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Tutorial: Influence in Bayes Nets


The arrows in a directed graphical model indicate how to factor the joint distribution over the variables in the model. They indicate explicit dependence. You can think of the relationship indicated by an arrow $A \rightarrow B$ as “$A$ causes $B$”.

Conditional Independence

The “grand unifying principle” for reading influence in a Bayes net (directed graphical model) applies between any pair of nodes in a model: (1) Two nodes (random variables) $A$ & $B$ are conditionally independent, given their parents, if and only if there is no direct arrow between the two nodes (in either direction).

  • Note that this statement does not make any guarantees about conditional independence between $A$ & $B$ given other non-parent nodes.


One node (random variable) $A$ is said to influence another node (random variable) $B$ if and only if a conditional query $P(B = b|A = a)$ produces an expression that after algebraic simplification still depends on the value $a$.

Explaining Away

In particular, as an example of influence we consider the explaining away structure ($A \rightarrow C$ and $B \rightarrow C$). Here we ask “Does $A$ influence $B$, given $C$?” Since $C$ is not a parent of either $A$ or $B$, then statement (1) does not apply. So, using statement (2), we ask the conditional query $P(B = b|A = a,C = c)$. We do the computation required for a conditional query: first apply the definition of conditional probability, then use marginalization (as necessary) for numerator and for the denominator, then simplify algebraically. Here the meaning of algebraic simplification includes at least factoring out common terms from sums, simplifying sums, and canceling common terms that occur in both numerator and denominator. The result is an expression that does indeed depend on the value $a$, thus the answer to the original question is “Yes, $A$ does influence $B$, given $C$.”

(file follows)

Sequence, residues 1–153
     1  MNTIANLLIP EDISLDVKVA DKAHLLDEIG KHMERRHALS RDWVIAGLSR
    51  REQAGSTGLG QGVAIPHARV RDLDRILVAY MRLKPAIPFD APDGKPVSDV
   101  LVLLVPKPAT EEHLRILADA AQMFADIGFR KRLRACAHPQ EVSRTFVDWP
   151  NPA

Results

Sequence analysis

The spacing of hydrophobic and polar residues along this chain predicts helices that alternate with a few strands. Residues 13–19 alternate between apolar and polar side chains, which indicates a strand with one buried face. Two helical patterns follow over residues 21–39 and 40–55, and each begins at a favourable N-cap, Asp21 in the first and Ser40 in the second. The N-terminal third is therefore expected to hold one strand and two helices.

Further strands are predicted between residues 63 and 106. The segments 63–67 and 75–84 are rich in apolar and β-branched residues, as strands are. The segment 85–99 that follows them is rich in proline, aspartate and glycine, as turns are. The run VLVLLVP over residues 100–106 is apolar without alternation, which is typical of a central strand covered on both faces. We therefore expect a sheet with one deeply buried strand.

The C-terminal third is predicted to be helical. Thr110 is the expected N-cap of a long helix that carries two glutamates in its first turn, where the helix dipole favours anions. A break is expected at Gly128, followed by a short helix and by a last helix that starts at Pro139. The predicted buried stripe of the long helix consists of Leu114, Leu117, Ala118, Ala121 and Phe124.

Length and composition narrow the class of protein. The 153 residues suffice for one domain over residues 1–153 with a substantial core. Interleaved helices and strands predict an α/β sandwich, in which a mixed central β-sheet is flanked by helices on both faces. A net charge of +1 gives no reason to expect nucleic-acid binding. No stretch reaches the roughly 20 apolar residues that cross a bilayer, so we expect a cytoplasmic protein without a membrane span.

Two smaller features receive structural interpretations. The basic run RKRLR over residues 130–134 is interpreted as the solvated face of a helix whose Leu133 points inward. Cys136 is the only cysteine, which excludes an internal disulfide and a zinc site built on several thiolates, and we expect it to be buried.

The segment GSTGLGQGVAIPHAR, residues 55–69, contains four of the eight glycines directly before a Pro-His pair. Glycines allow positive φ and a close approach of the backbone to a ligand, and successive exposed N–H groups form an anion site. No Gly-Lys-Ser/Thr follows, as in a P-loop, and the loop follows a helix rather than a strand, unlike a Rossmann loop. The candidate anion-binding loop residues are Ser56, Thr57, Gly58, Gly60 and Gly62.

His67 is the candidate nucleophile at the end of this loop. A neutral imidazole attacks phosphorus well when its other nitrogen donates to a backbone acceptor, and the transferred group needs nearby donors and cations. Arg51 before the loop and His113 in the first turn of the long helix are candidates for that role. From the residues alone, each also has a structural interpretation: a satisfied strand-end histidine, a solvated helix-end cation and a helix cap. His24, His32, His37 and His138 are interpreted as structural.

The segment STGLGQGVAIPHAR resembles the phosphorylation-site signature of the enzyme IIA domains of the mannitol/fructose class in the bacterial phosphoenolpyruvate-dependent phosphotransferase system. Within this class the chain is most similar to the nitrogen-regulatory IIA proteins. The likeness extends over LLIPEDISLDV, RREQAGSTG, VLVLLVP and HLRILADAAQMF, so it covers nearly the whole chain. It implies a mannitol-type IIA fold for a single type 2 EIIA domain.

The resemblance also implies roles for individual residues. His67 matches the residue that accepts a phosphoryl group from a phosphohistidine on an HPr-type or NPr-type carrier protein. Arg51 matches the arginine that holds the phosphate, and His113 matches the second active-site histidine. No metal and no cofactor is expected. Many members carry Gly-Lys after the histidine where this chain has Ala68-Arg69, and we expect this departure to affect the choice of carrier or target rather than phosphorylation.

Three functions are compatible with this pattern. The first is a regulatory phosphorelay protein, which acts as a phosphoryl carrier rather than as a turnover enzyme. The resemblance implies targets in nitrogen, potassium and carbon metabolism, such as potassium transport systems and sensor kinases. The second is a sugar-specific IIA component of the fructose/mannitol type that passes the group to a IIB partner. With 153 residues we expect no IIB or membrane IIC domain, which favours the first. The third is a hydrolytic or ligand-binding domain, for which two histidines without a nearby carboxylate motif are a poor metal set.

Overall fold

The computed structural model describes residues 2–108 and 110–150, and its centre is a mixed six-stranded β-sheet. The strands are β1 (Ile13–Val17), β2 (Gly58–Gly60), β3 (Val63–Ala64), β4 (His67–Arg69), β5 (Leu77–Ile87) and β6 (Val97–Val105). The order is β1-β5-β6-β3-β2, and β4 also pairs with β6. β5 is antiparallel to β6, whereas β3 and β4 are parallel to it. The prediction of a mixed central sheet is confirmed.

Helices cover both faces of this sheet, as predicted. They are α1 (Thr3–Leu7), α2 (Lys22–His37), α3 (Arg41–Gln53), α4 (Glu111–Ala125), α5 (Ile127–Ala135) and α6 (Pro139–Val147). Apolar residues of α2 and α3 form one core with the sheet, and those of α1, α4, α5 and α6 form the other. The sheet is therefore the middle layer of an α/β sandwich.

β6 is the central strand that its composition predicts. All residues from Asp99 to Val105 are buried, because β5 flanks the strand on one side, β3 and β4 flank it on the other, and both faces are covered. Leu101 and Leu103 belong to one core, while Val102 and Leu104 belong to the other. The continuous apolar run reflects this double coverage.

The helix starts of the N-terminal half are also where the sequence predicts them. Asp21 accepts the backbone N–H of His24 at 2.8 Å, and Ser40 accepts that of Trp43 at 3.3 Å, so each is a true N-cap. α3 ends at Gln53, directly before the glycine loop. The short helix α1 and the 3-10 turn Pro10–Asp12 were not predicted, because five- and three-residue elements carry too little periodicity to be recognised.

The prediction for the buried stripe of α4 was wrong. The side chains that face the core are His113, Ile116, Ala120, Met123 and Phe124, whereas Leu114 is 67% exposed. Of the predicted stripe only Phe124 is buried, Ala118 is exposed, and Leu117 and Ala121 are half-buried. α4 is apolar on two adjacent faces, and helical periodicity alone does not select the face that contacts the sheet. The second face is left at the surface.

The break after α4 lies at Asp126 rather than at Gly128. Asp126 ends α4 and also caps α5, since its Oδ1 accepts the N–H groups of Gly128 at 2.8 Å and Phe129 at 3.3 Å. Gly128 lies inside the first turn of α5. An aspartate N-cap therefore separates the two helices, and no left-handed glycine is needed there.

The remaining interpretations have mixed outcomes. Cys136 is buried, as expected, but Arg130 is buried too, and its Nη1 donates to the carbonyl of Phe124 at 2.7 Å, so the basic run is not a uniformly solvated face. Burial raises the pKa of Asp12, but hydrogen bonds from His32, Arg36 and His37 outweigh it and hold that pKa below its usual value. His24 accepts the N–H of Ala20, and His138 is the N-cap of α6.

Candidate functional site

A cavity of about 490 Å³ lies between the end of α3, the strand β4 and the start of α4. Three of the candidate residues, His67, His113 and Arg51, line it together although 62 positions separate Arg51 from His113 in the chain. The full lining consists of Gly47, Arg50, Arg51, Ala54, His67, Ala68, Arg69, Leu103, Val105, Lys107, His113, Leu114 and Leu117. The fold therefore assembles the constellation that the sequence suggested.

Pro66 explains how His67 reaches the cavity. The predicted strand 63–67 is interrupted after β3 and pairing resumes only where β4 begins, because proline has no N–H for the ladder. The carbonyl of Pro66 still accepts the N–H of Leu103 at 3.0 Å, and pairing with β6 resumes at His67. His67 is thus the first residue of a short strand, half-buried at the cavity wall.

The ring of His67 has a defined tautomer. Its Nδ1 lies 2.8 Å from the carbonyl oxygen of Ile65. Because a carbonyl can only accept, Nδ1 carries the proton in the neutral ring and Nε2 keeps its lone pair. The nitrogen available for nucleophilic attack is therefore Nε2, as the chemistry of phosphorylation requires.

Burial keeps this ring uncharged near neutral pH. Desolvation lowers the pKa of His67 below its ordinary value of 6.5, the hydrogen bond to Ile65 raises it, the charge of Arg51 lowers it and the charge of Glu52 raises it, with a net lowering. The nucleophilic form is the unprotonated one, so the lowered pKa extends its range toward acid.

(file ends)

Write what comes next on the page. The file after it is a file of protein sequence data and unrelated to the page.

cs-401r/tutorials.1411795654.txt.gz · Last modified: 2014/09/26 23:27 by ringger
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